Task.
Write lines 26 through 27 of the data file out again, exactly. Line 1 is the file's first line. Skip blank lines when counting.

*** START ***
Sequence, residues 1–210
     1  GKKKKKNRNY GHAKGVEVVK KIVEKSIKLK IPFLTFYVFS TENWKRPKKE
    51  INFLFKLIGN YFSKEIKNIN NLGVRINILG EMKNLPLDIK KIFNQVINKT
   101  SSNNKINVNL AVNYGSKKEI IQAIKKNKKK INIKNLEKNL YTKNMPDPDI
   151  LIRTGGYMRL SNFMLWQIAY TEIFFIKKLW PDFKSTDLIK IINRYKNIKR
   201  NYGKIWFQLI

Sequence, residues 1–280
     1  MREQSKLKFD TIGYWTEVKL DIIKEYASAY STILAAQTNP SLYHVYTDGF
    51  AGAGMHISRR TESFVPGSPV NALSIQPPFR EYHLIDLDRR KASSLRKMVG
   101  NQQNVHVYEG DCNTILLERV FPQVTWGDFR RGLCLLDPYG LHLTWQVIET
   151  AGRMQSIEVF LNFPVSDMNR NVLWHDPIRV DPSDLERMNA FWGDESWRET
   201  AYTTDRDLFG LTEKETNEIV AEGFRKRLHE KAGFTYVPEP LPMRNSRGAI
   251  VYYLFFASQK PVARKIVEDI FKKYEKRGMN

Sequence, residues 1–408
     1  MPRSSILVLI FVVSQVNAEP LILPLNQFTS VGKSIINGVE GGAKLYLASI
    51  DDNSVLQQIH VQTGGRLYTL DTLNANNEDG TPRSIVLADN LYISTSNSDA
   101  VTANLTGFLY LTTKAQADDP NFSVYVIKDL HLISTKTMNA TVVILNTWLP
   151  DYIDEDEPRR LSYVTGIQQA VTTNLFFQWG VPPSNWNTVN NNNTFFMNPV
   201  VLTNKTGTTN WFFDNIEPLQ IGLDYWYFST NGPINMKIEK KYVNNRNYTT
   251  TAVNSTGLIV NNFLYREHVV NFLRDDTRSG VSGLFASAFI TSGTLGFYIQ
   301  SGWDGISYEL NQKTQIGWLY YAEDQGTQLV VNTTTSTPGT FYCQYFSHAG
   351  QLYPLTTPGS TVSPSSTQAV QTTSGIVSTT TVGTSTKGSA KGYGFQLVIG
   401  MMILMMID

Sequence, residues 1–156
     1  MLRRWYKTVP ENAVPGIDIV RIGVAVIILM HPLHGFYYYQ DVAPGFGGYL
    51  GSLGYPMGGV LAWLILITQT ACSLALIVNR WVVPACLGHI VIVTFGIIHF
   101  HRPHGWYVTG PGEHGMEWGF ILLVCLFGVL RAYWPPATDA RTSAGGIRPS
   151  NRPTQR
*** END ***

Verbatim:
    51  GSLGYPMGGV LAWLILITQT ACSLALIVNR WVVPACLGHI VIVTFGIIHF
   101  HRPHGWYVTG PGEHGMEWGF ILLVCLFGVL RAYWPPATDA RTSAGGIRPS